Shifting Towards Innovation-Based Economic Growth

As the province’s long-running real estate and housing boom comes to a painful but inevitable end, it is important to identify and pursue new and more sustainable sources of future economic growth.

Working to boost productivity is a good place to start.

Productivity is often defined as the economic value of what the economy produces per hour of work by employees. Wages and salaries depend in large part on the productivity performance of businesses. Many factors determine how productive enterprises are, including firm size — output per hour worked generally rises as companies grow — management acumen, workforce skills, and the tools, technologies and equipment available to employees.

The academic and policy literature provides compelling evidence that a stepped-up pace of innovation is the key to increasing productivity. Innovation is not just about expanding the high-technology sector, although that is a worthy goal. It also encompasses the introduction of new ideas and products, the adoption of leading-edge technologies, and the implementation of other value-augmenting changes by companies in every sector of the economy.

B.C. Below Canada’s Innovation Benchmarks

As the B.C. government’s innovation commissioner, Alan Winter, documented in his first progress report, B.C. has a mixed record on innovation. We have been successful in fostering entrepreneurial start-ups and in enabling growth among many early-stage firms. However, B.C. sits well below the Canadian and U.S. benchmarks on some other critical dimensions of innovation, such as:

  • The scaling-up of promising firms
  • Investment in machinery, equipment and digital technologies
  • Research and development activity
  • And the speed with which local businesses take up new technologies

Countering Fears Of Obsolescence

When thinking about productivity, we can’t overlook the widespread fear that the innovative technologies that serve to bolster productivity also kill jobs. However, the historical evidence suggests that economy-wide productivity doesn’t dampen aggregate employment. In Canada, the proportion of the working-age population that is gainfully employed has never been higher, yet our economy is far more technology-intensive today than it was 30 or 50 years ago.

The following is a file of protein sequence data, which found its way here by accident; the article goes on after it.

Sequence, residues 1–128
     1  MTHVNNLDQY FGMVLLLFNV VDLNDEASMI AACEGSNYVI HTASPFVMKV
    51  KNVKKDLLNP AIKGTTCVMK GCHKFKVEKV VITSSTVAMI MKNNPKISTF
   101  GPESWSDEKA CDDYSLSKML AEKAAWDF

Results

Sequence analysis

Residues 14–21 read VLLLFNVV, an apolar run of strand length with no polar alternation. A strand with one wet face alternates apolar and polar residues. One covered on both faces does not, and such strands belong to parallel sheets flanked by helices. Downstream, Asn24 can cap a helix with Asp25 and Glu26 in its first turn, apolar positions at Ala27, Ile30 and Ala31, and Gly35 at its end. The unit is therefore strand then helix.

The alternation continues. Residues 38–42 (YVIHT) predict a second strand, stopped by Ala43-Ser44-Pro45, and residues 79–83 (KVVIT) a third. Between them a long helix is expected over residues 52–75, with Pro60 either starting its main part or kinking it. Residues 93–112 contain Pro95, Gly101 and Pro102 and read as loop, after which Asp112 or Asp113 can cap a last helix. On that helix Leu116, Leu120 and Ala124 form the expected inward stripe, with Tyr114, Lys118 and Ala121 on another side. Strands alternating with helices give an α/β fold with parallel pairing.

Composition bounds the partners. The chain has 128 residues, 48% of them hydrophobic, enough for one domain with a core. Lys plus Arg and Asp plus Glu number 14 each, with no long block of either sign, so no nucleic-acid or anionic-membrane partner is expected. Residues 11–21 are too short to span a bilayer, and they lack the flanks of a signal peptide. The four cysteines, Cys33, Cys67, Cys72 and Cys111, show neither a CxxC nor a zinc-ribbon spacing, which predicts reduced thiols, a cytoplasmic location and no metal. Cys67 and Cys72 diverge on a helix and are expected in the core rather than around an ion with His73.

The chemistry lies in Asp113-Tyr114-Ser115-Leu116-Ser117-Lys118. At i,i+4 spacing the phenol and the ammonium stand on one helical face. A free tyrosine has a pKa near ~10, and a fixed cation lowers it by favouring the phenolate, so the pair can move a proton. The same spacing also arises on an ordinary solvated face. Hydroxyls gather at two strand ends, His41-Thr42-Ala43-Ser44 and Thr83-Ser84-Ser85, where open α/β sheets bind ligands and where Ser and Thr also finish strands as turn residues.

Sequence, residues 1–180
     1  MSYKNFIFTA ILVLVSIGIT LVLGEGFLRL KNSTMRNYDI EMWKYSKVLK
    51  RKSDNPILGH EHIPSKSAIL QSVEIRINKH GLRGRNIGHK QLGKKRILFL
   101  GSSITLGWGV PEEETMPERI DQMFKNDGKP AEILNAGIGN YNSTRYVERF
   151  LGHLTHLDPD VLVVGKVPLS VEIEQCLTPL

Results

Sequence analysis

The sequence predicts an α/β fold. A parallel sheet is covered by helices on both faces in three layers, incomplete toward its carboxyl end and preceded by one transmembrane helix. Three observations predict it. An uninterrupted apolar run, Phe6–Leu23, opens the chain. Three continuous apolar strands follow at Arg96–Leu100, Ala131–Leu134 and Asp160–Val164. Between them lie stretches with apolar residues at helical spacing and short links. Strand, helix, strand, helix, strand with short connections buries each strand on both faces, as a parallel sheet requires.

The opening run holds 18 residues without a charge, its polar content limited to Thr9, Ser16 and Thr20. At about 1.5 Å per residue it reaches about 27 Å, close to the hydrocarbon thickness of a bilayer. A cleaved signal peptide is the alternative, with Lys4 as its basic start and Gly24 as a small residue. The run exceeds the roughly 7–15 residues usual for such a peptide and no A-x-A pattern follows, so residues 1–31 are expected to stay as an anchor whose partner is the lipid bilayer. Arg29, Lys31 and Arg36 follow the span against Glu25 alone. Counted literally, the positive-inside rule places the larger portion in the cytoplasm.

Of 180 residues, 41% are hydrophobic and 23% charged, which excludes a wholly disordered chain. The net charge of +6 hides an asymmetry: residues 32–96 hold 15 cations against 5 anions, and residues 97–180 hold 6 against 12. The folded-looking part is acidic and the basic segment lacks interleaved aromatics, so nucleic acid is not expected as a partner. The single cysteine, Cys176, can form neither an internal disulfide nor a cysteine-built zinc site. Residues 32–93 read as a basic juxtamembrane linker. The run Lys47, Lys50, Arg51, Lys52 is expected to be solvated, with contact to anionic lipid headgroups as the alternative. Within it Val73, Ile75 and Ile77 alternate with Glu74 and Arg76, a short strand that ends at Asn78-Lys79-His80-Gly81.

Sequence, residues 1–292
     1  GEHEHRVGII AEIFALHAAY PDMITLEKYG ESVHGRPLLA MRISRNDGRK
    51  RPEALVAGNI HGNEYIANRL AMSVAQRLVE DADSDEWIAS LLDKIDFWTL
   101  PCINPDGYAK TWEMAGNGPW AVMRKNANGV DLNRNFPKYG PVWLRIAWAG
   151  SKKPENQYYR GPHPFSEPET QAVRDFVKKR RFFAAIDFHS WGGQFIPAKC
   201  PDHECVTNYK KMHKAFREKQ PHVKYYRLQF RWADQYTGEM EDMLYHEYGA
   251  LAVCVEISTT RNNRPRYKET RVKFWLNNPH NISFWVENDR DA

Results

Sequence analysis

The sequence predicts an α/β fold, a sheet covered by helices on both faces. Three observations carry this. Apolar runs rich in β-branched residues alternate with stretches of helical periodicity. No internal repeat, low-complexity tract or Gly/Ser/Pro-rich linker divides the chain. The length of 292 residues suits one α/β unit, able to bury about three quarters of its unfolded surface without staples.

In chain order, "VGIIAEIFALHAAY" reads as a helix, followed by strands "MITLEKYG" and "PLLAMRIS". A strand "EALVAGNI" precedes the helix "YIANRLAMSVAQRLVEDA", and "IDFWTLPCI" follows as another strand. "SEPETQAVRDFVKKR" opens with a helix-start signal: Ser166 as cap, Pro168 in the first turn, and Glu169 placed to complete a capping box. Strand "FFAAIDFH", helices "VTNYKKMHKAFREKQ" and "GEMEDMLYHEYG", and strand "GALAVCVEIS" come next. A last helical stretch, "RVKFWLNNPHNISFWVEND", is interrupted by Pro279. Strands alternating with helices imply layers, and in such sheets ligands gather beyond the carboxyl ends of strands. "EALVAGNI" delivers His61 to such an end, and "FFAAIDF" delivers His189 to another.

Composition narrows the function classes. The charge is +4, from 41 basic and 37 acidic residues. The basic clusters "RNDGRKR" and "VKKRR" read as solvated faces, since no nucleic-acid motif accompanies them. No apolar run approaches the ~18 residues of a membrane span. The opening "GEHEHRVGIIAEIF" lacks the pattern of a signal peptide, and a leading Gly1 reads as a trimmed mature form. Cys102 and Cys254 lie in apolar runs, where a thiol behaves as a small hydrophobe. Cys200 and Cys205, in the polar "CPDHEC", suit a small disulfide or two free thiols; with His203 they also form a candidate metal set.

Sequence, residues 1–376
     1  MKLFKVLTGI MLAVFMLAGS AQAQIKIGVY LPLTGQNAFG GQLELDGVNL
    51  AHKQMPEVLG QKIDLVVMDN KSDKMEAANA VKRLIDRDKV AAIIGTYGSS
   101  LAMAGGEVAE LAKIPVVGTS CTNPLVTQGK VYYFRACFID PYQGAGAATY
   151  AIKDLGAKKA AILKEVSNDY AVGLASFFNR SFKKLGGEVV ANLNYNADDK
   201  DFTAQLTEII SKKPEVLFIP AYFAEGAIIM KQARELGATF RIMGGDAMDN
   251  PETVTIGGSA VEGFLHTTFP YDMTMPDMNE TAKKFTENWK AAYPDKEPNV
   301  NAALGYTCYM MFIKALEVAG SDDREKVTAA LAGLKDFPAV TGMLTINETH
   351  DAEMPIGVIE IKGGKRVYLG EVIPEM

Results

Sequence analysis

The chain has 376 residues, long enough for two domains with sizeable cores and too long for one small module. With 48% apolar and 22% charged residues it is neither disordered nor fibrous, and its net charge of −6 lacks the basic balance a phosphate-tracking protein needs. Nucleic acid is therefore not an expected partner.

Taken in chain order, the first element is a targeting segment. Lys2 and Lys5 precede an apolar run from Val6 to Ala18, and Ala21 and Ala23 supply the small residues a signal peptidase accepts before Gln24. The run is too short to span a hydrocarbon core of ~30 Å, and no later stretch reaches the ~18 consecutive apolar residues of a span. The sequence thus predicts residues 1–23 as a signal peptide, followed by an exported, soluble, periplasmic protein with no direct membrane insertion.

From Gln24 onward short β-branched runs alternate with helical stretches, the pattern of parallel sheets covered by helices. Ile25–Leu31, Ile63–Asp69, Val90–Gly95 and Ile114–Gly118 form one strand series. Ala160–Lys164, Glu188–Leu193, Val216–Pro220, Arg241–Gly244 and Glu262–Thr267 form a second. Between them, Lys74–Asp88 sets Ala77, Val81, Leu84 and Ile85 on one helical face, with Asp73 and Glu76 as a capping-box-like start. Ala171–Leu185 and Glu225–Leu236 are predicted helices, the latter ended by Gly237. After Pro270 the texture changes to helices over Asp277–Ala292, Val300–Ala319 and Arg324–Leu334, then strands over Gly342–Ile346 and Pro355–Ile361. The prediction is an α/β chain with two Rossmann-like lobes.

Instead, the automation of tasks and jobs that lift productivity should allow the workforce to be trained to take on more highly-skilled, better-paid positions which, in turn, can help to drive productivity and raise the overall standard of living.

Turning Technology Into The Human Advantage

Some people will be left behind as innovation marches forward. This underscores the need for governments to strengthen support systems for those whose capacity to earn a living is undermined by technology-driven disruptions in the job market.

To succeed and even survive in the future, more B.C. companies will need to incorporate and make effective use of technology in an era of e-commerce, artificial intelligence, robots, the Internet-of-things and the rapidly expanding “digital economy.” Companies in all sectors must ask how the deployment of innovative technologies can allow them to increase efficiency, bring new ideas and products to market faster, and satisfy customer demands.

Retooling Policy To Target Innovation

Smart public policy can assist in moving toward an innovation-based economic growth model in B.C.

One priority is to ensure that our businesses and research organizations have access to the right kinds of talent, not just well-educated entry-level employees (where B.C. does quite well), but also people with substantial expertise in areas like finance, business development, IT, global supply chains and executive leadership.

Policy-makers should also be looking to retool the tax system to make it more effective in stimulating innovation and business growth. This calls for a fresh look at the tax rules governing investments in machinery, equipment, software, digital technologies and other forms of capital that raise productivity. The dramatic increases in statutory income-tax rates that apply as businesses in B.C. (and across Canada) scale-up should also be re-considered. In some ways, the current Canadian business-tax regime inhibits company growth, which makes no economic sense.

Finally, government should recognize that addressing the productivity and innovation imperative is about more than simply growing what B.C. Stats classifies as the “high technology” sector. The companies that fit the government’s definition of high-technology firms account for seven per cent of GDP and employ roughly 110,000 British Columbians. Continuing to expand the advanced technology sector is vital. However, the challenge of improving productivity is economy-wide, encompassing all industries, as well as public sector institutions and services.

 


 

Jock Finlayson is executive vice-president and chief policy officer with the Business Council of BC.

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